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Judge Sentences Poulton To Five Years For Arson

By Staff | Oct 29, 2008

Judge John Madden sentenced Michael Poulton to five years in the West Virginia Penitentiary for Men after a sentencing hearing held Oct. 24 in Wetzel County Circuit Court.

Poulton, 32, of 1227 Wren Dr., New Martinsville, was charged with first degree arson in connection with the June 1 blaze at 1227 Wren St., New Martinsville.

Madden heard arguments on a defense petition for probation from both Prosecutor Timothy Haught and Defense attorney Richard Hollingsworth.

The plea agreement entered into on Aug. 1 called for a sentence of five years in the WVPM. “The state feels that sentence is reasonable under the circumstances,” said Haught.

He offered that the main reason Poulton started the fire was spite because his mother had left the home and its belongings to Cathy Estep.

“This was a very dangerous event for the firemen and the people who live in that subdivision,” said Haught.

Hollingsworth argued that the fire was not dangerous as no fireman ever entered the building and the houses in Hillside are at least 100 feet apart. Haught said any time emergency personnel arrive on a fire scene, it is dangerous.

Hollingsworth asked Madden to look beyond this troubled individual and look at his history. His father left the family when Poulton was five and he was raised by a mother who was sickly. Poulton dropped out of Magnolia High School when he was in the 10th grade.

But since he was released from jail in November 2007, “He is drinking less. . . he’s trying to get his life in order,” said Hollingsworth. Poulton has earned his certification in welding and is working as a Boilermaker. If he is incarcerated, the attorney said Poulton would have no ability to pay restitution.

However, Hollingsworth seemed to question whether Westfield Insurance Company even cared to obtain the over $190,000 they paid out in the case. The company chose not to file suit. Plus, he claimed Estep did not suffer as she received over $190,000 from the insurance company.

Poulton lost everything in the fire, said his defense attorney, “He has suffered quite a bit. He doesn’t know how the house caught on fire.”

In the opinion of Hollingsworth, not a health care professional, Poulton is suffering from acute, severe, recurrent depression. The defense attorney does not believe Poulton would get mental health treatment if incarcerated.

During further arguments, Hollingsworth referenced the case of Cindy Nottingham, 32, of Court Street, Middlebourne, who received probation for her arson charge.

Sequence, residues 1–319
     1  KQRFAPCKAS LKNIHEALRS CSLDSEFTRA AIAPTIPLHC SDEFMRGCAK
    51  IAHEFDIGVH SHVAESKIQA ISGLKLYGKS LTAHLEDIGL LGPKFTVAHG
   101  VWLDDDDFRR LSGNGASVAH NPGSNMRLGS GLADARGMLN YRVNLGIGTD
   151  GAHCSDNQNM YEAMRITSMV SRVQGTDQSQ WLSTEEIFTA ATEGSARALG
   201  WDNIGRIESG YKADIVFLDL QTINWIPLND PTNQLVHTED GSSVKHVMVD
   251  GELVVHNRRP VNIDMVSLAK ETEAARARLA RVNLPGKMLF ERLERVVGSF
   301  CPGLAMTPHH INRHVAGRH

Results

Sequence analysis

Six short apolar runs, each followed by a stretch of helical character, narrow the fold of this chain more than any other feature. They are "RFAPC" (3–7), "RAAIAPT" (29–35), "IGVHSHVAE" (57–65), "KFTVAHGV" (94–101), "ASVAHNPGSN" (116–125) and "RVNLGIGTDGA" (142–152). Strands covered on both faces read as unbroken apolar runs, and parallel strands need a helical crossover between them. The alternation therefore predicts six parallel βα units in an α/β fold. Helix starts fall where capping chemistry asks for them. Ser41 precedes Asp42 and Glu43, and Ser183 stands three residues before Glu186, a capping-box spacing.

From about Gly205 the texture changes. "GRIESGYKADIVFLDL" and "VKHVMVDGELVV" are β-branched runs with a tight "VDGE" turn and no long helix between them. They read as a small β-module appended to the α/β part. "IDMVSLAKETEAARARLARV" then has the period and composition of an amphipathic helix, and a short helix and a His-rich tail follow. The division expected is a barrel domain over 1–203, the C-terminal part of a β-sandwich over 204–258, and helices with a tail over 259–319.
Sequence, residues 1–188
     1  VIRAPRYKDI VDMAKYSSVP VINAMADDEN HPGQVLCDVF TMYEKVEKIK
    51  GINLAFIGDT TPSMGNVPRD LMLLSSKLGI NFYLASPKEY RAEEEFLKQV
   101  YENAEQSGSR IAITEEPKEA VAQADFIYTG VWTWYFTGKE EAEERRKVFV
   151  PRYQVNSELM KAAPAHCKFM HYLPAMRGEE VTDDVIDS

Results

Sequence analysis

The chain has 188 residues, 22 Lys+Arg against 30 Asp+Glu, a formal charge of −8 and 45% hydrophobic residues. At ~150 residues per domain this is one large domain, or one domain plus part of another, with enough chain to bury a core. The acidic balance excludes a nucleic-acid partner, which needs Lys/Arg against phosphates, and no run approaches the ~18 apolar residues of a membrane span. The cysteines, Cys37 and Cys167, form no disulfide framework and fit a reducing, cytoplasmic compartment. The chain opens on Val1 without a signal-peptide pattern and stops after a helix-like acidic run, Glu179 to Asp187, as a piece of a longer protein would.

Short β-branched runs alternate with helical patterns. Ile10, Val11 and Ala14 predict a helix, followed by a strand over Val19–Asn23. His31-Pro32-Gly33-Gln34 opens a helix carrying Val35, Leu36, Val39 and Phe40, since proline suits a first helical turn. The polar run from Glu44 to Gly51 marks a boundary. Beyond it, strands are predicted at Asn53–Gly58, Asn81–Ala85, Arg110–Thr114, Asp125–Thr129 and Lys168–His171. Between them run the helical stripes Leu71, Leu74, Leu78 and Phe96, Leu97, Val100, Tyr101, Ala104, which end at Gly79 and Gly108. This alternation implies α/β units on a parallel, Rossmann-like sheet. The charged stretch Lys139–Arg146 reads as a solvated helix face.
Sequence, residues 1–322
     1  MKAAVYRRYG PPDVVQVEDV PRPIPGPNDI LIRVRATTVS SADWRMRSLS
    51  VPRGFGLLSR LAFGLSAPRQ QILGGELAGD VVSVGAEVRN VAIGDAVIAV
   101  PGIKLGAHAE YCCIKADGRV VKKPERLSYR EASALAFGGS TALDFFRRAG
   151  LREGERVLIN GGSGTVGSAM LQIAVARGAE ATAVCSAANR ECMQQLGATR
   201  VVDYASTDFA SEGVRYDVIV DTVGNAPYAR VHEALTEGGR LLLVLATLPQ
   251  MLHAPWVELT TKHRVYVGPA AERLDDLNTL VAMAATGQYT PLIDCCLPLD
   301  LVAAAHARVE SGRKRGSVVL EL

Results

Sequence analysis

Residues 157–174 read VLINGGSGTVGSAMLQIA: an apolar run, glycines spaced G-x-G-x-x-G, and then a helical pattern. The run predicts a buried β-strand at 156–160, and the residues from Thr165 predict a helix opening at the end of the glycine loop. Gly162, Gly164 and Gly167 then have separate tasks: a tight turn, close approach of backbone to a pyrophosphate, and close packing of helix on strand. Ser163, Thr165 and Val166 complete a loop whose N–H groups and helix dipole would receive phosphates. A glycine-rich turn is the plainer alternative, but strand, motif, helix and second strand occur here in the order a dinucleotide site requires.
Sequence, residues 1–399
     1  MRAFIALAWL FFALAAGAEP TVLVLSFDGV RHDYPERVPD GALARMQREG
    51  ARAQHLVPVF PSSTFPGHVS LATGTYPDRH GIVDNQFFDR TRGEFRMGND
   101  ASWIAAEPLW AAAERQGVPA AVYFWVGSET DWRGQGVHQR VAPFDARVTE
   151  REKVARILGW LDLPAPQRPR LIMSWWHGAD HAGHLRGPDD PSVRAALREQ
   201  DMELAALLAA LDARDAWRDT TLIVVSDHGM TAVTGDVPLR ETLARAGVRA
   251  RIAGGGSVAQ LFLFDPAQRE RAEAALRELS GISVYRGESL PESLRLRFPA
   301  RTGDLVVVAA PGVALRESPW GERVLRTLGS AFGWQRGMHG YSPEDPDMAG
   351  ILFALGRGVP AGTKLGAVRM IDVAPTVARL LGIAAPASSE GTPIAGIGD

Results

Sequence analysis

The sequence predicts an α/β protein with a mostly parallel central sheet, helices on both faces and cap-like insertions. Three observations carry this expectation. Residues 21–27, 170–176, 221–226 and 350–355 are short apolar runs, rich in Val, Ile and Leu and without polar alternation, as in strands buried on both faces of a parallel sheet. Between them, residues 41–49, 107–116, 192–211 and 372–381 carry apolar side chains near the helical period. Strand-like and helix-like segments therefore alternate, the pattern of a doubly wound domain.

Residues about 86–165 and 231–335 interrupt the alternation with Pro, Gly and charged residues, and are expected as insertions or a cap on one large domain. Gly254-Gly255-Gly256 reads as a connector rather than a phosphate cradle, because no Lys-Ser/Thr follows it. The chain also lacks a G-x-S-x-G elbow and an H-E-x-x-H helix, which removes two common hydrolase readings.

Nottingham pleaded guilty on May 5 to setting fire to her own house in Proctor and to the misuse of funds of an elder person. For her arson crime she received two years in prison and for the elder funds abuse charge she was sentenced to not less than two nor more than 10 years. The sentences were suspended and she must pay almost $14,000 in restitution and serve three years on supervised probation. However, there is currently a petition to revoke her probation that alleged possession of illegal drugs.

The defense attorney said Haught cited her pregnancy as the reason for the suggested sentence. “She lost any special treatment for her pregnancy when she gave birth,” argued Hollingsworth.

Haught countered that every case has different circumstances and plea agreements are offered for a variety of reasons. In the Nottingham case there was a dispute with the origin of the fire and other considerations, not just pregnancy.

“His lack or apparent lack of consideration is evident in his lack of appearance,” said Haught, claiming it says “‘I don’t care’, apathy, or perhaps even disdain for the process.”

Further, in March 2005 Poulton allegedly committed a third-offense driving under the influence of alcohol in Indiana. He left that state while on probation so he could attend to family matters, including a death. “He just never returned,” noted Hollingsworth.

Before Madden handed down his sentence, he gave Poulton a chance to speak. “I apologize to anyone I’ve hurt in this situation. I apologize to the court,” he said.

“One of the most difficult tasks a judge has is sentencing,” Madden told the court Friday. He considers three broad aspects when making his decision: rehabilitation, term, and punishment.

“I have no doubt in my mind that Mr. Poulton is a troubled individual,” said Madden. However, he continued that a large percent of people in penal institutions are troubled. That is partly why judges placed them there.

“I don’t believe probation is appropriate in this case,” said Madden just before sentencing Poulton five years with credit for time served. He also ordered him to pay the costs of prosecution including restitution of $196,761.33 to Westfield Insurance Company.

Poulton was taken to the Northern Regional Jail to be delivered to the Commissioner of Corrections.